A home loan has terms that may be easily overlooked—everyone needs a place to live, right? Well, it’s actually a long-term commitment that should be thoroughly examined. By determining what kind of buyer you are, you can easily steer through the complexities of the mortgage world and find the best loan for your needs. Here are five things to consider before getting a home loan.


What Type of Home Buyer Are You?

First-Time Homebuyer

A first-time homebuyer is someone who is purchasing a property for the first time. First things first, you must get pre-approved for a loan to determine how much you can potentially afford. Keep in mind, there are other costs associated with purchasing a home other than monthly mortgage payments.

Investment Property Versus Owner Occupied

The terms on your loan may vary depending on how you choose to use the residence. Do you want to buy the property as an investment or are you going to reside there? This is a question your lender will also want to know, and you may be charged a lower interest rate if the property is your primary residence.

Renovator or Builder

Whether you’re renovating an existing home, or building a new home, a construction loan could be a good option. This loan is structured in a way that releases money only when certain milestones in the building process are complete. The advantage to this it that you only pay interest on the money you’ve been lent so far. 
Construction loans are generally interest-only loans which are then transferred onto a regular home loan when the house is complete. While they are primarily designed for people building a home from scratch, some lenders will offer them to renovators as well.


What Type of Interest Rate Do You Want?

Fixed Versus Variable Interest Rate

Which one do you choose: fixed or variable? This depends on how you want to manage your finances. 
A fixed home loan is a loan where the interest rate is set for a certain amount of time, usually between one and 15 years. The advantage of a fixed rate is that you know exactly how much your payments will be each month.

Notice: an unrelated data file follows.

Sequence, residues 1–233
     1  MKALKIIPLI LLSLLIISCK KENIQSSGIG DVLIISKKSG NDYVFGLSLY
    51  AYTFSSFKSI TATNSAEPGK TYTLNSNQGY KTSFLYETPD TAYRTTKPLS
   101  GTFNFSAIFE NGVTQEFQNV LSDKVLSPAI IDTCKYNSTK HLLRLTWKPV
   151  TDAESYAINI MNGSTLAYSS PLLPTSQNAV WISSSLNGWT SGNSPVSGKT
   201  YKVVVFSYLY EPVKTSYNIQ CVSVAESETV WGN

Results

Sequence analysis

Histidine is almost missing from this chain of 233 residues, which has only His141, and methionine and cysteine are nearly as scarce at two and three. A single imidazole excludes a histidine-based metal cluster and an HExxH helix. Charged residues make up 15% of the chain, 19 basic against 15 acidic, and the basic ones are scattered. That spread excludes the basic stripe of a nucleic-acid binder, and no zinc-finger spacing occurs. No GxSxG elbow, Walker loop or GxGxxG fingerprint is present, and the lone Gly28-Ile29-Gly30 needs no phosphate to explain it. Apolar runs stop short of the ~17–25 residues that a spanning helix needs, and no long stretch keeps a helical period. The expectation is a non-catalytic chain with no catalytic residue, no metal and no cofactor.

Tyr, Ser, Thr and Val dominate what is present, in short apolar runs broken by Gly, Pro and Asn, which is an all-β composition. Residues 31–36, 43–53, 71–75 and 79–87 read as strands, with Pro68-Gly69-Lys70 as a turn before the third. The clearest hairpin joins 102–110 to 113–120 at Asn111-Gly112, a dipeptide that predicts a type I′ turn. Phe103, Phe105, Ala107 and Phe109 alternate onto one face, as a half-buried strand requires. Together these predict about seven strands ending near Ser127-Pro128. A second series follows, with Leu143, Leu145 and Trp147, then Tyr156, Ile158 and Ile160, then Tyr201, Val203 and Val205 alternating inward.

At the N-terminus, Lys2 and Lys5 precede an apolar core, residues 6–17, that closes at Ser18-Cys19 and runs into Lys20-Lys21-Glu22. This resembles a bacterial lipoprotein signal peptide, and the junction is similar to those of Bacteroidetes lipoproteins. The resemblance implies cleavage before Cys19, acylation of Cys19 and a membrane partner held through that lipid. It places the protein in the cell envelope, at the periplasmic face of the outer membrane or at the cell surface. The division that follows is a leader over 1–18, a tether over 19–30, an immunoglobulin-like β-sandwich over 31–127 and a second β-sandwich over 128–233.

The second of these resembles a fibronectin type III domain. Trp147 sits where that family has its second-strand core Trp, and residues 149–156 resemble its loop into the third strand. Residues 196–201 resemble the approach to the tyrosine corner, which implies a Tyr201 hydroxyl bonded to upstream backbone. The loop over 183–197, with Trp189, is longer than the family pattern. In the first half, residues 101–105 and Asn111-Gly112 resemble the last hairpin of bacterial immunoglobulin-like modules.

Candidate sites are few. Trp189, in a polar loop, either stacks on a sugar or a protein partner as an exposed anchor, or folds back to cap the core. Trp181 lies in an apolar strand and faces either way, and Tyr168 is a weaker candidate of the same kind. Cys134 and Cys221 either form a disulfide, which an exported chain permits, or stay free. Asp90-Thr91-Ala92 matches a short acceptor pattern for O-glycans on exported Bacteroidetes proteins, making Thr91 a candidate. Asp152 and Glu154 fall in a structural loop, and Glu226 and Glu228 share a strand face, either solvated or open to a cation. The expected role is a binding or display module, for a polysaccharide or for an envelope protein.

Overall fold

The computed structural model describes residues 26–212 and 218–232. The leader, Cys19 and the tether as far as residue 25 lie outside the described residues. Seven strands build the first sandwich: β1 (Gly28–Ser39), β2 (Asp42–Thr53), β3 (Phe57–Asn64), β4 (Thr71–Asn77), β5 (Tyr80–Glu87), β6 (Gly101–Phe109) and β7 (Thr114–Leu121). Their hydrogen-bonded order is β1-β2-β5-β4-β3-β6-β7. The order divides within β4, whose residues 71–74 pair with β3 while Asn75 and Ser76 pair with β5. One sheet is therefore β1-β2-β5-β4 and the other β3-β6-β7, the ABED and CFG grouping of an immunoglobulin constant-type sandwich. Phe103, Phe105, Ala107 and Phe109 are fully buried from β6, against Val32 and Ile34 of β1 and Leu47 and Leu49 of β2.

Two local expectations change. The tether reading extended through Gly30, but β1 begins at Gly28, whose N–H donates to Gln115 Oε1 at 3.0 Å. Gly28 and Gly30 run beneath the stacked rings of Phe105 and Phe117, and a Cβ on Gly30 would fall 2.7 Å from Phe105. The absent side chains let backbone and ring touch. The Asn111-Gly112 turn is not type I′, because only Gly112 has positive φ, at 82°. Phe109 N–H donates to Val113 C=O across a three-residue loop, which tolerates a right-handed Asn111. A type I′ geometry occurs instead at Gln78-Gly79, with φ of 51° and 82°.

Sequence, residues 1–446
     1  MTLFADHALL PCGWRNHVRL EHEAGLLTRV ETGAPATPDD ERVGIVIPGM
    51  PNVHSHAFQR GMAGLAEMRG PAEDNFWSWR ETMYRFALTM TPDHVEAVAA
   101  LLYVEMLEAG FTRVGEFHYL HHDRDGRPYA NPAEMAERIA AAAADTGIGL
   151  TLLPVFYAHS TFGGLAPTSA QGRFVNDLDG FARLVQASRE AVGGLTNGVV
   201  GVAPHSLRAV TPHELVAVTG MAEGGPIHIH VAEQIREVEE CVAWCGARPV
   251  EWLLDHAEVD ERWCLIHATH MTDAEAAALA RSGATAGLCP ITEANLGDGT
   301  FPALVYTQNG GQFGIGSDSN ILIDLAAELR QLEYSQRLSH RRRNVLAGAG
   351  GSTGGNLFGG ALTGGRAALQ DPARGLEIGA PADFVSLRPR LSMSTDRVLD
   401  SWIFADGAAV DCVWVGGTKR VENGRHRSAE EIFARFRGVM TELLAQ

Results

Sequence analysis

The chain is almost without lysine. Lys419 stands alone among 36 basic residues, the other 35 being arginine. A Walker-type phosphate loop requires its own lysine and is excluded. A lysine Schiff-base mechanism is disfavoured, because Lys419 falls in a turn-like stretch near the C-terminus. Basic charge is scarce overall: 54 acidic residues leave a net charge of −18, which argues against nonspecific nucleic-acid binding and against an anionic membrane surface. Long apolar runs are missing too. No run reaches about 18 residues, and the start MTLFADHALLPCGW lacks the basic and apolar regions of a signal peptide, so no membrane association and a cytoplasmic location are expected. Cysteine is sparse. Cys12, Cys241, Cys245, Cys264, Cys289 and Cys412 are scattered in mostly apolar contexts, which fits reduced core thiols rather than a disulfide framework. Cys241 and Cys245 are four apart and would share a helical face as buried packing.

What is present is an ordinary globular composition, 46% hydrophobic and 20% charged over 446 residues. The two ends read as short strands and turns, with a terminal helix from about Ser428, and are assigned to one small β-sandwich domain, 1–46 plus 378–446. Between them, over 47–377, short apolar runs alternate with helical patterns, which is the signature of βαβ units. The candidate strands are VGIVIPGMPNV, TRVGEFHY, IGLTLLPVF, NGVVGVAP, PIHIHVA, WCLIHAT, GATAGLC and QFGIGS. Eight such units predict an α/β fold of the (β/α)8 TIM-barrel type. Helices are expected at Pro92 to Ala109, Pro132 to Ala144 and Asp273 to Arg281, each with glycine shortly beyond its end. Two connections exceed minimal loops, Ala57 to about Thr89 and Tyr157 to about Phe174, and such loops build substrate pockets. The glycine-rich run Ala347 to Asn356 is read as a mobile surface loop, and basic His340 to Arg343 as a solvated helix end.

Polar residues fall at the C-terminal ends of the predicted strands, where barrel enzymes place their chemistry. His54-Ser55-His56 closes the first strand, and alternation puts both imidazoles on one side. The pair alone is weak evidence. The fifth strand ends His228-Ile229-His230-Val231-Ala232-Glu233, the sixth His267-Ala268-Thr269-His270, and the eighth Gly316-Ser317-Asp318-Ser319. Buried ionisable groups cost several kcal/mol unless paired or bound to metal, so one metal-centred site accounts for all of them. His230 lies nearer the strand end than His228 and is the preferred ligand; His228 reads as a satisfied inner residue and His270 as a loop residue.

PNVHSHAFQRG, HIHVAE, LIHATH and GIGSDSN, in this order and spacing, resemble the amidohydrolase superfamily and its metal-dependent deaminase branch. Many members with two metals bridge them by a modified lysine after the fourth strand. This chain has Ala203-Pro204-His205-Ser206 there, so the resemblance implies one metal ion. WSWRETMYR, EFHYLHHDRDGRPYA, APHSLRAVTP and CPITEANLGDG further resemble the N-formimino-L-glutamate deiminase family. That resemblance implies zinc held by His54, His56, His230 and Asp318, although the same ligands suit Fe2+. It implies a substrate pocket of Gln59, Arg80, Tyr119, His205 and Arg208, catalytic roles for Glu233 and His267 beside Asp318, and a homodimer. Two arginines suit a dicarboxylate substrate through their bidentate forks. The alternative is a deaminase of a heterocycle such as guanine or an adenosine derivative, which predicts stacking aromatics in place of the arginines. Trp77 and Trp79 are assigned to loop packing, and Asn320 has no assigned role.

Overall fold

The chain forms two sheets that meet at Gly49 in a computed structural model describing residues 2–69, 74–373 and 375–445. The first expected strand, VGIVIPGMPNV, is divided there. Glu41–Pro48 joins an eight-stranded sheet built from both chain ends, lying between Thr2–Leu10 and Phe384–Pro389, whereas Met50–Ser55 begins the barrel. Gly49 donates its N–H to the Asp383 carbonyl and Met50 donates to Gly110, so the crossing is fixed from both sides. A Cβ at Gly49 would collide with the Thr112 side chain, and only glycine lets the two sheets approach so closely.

A variable rate is one where the interest rate can and will change over the course of your loan. The upside is that you could have a lower payment, but the downside is the uncertainty.

Split Rate Home Loans

A split loan lets you fix a portion of your loan, and leave the remainder on a variable rate so you can reap the benefits of both. A split loan is a good option for someone who wants peace of mind and predictability in regards to their loan, but still wants to retain some of the additional features variable loans typically provide.

Typically, split mortgage loans come with a 50:50, 60:40, or 70:30 split between a fixed and variable rate. To decide the type of split you want to do, you have to determine the amount of risk you’re willing to take.

Interest Only Versus Principal and Interest

Most banks require you to pay back both the amount loaned and the interest charged—known as principal and interest payments. However, some lenders will give you the option of making interest-only payments for a limited amount of time. This type of agreement may be attractive to those who are temporarily lacking funds. While interest-only payments are lower on a monthly basis, ultimately they will cost more in the long run. By paying down the principal on your loan, your monthly payments may start high, but they will reduce over time.

Payment Frequency

The frequency of which you make your payments can affect how much you end up paying in interest. Banks calculate the interest owing on a daily basis, so if you choose to pay biweekly instead of monthly, that means for two weeks of each month you’ll be charged less interest. It won’t be a significant amount at first, but over the life of the loan the savings will add up.


Uncover Costs You May Not Know About

Upfront Fees

Upfront fees are charged by your lender when you take out a loan. You can expect to pay an appraisal fee, a lock fee and an application fee.

Break Fees

Break fees are charged if you terminate a fixed-rate mortgage. As a general rule, the more the variable rate has dropped, the higher the fee will be.


Are You Looking For a Flexible Home Loan?

Extra Payments

Extra payments are payments you proactively make into your home loan in addition to your set mortgage payments. This extra money goes towards reducing the amount you borrowed and as a result, will significantly reduce the amount of interest you pay in the long run. Before you sign for a mortgage, check that the terms allow you to make extra payments without penalty.

Lump Sum Payments

Lump sum payments are similar to extra payments, but typically with larger sums of money. The lump sum goes towards the principal of your home and can help lower your overall interest costs. 

Offset Mortgage

An offset account is a deposit account attached to your mortgage which allows you to make instant and unlimited deposits without charge. Some banks will only allow you to partially offset your mortgage, so look for one that enables you to offset all of the interest.


How Much Money Should You Borrow?

Determining how much you need to borrow varies from one person to the next. After deciding on the home you’re interested in purchasing, you’ll need to decide how much of a deposit you can put down, how much you can afford to make in monthly payments and how much you need to borrow. Your loan size will affect how big your deposit needs to be, while your ability to make regular payments will affect your loan size.

If you have questions about home loans, contact the experts at Equity Bank. No matter where you are in life, Equity Bank is here to help guide the way.


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